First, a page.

Open source processes may prove invaluable for government IT projects

In recent years, the United States federal government has increasingly begun to utilize open source software solutions. Industry expert David Wheeler told that this trend is one of the most noteworthy developments in the open source field. However, despite the growing acceptance of such solutions amount government IT leaders, many other executives within federal agencies remain skeptical of such solutions.

Yet even if agency leaders are reluctant to embrace open source software, they can still benefit significantly by learning from open source processes, as a number of industry experts asserted at the recent FOSE conference in Washington, D.C.

Open source efforts
InformationWeek reported that several federal IT leaders spoke at the FOSE conference, offering their thoughts on government use of open source processes. Matthew Burton, former acting CIO at the CFPB, emphasized that tactics that have proved invaluable for open source developers can also play a key role in federal IT projects and business process management.

"It's not about code, but the process of making a product," said Burton, the news source reported. "You can do open source practices without having to share code."

Another speaker, GitHub government evangelist Ben Balter, highlighted the way that open source encourages collaboration, which can provide significant advantages to IT projects in general.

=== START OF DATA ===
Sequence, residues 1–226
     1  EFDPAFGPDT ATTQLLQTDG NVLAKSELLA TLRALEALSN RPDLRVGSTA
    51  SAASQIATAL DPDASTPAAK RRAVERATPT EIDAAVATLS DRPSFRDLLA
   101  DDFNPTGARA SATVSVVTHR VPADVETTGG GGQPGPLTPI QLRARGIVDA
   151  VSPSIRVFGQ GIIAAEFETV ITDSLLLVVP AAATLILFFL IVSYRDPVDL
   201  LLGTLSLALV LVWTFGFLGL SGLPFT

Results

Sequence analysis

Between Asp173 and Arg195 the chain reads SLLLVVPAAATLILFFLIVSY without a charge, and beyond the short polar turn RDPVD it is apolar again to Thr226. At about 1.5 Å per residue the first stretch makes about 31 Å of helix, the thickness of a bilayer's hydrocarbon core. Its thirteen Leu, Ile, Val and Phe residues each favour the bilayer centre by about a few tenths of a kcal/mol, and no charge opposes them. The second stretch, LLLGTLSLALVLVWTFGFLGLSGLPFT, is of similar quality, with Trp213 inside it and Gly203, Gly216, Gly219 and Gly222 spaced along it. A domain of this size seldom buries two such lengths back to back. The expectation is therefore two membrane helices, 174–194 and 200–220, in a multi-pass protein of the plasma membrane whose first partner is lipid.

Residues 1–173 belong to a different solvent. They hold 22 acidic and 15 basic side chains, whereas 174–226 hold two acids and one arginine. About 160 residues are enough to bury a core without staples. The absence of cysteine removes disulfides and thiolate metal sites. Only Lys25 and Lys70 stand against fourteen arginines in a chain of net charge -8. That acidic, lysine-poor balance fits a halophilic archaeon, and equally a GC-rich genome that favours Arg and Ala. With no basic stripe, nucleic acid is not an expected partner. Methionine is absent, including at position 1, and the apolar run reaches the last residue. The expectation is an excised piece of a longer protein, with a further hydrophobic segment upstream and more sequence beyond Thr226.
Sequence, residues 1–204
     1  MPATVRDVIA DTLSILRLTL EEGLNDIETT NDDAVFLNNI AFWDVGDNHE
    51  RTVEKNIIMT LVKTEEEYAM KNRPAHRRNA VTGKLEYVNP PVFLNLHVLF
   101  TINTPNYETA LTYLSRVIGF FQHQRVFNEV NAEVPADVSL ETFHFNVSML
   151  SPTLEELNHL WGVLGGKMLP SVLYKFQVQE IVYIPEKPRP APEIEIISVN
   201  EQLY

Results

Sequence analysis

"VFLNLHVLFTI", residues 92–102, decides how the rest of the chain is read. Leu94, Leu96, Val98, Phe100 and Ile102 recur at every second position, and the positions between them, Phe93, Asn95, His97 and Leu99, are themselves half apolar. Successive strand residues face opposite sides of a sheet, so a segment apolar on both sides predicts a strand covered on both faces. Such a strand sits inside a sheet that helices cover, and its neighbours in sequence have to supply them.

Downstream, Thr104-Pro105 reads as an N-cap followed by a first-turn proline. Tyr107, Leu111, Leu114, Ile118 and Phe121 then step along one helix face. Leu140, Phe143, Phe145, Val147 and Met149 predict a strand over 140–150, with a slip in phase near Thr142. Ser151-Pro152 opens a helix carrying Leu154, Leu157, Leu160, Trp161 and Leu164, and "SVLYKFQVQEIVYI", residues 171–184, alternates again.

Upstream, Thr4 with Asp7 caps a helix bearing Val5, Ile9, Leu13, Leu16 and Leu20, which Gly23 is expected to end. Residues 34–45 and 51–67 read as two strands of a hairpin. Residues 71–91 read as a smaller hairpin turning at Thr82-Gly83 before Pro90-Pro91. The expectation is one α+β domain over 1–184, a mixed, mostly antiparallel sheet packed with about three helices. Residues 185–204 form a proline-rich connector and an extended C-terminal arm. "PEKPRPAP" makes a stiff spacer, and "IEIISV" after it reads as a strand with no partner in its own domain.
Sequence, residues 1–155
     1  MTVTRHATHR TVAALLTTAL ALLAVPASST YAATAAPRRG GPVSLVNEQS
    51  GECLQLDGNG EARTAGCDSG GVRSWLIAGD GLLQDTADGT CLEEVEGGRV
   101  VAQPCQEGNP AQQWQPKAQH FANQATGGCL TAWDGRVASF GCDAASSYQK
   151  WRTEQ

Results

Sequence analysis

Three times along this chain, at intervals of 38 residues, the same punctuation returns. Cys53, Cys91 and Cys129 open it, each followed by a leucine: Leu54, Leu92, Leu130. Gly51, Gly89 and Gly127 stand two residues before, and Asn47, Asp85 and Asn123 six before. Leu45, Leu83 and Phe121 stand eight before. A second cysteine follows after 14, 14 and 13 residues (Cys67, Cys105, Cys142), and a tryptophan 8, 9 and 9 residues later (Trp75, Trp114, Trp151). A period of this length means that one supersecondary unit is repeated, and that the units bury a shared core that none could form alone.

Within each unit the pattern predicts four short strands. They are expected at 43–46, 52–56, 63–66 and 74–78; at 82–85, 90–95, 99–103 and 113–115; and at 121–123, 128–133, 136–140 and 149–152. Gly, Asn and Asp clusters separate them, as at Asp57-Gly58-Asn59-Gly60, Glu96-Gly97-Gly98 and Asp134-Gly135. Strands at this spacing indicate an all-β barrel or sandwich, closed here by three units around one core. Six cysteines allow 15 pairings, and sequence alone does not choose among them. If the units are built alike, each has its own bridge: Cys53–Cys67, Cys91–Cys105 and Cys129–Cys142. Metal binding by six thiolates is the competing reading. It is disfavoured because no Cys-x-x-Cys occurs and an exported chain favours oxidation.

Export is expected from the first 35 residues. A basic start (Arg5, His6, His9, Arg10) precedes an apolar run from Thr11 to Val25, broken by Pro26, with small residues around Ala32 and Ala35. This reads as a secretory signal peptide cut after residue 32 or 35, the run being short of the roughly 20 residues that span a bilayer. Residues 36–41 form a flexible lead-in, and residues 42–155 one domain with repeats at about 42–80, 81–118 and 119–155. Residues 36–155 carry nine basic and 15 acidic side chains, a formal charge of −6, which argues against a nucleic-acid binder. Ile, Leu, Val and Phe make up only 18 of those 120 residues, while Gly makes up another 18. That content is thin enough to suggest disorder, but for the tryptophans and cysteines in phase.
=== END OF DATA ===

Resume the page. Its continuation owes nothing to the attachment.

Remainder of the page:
"Traditional waterfall software development leads to low visibility and management by email," said Balter, according to InformationWeek. "The always-available, asynchronous and lock-free nature of open source projects offers a useful model for working in tight-budget environments."

By improving collaboration, these open source-based strategies can increase the efficiency, security and overall capabilities of a wide range of IT efforts throughout government agencies.

Attracting talent
These tactics will also prove invaluable for government leaders as they strive to attract young, talented up-and-coming IT professionals. These recent graduates are typically far more familiar with and inclined toward open source software projects than their older colleagues. Consequently, they are more likely to gravitate toward job openings that enable them to work with open source tools and strategies.

This is particularly important because the U.S. government is now experiencing significant difficulties attracting and retaining cybersecurity professionals and other IT experts. Embracing open source may be a key way to help make public sector IT positions more appealing to these critical professionals.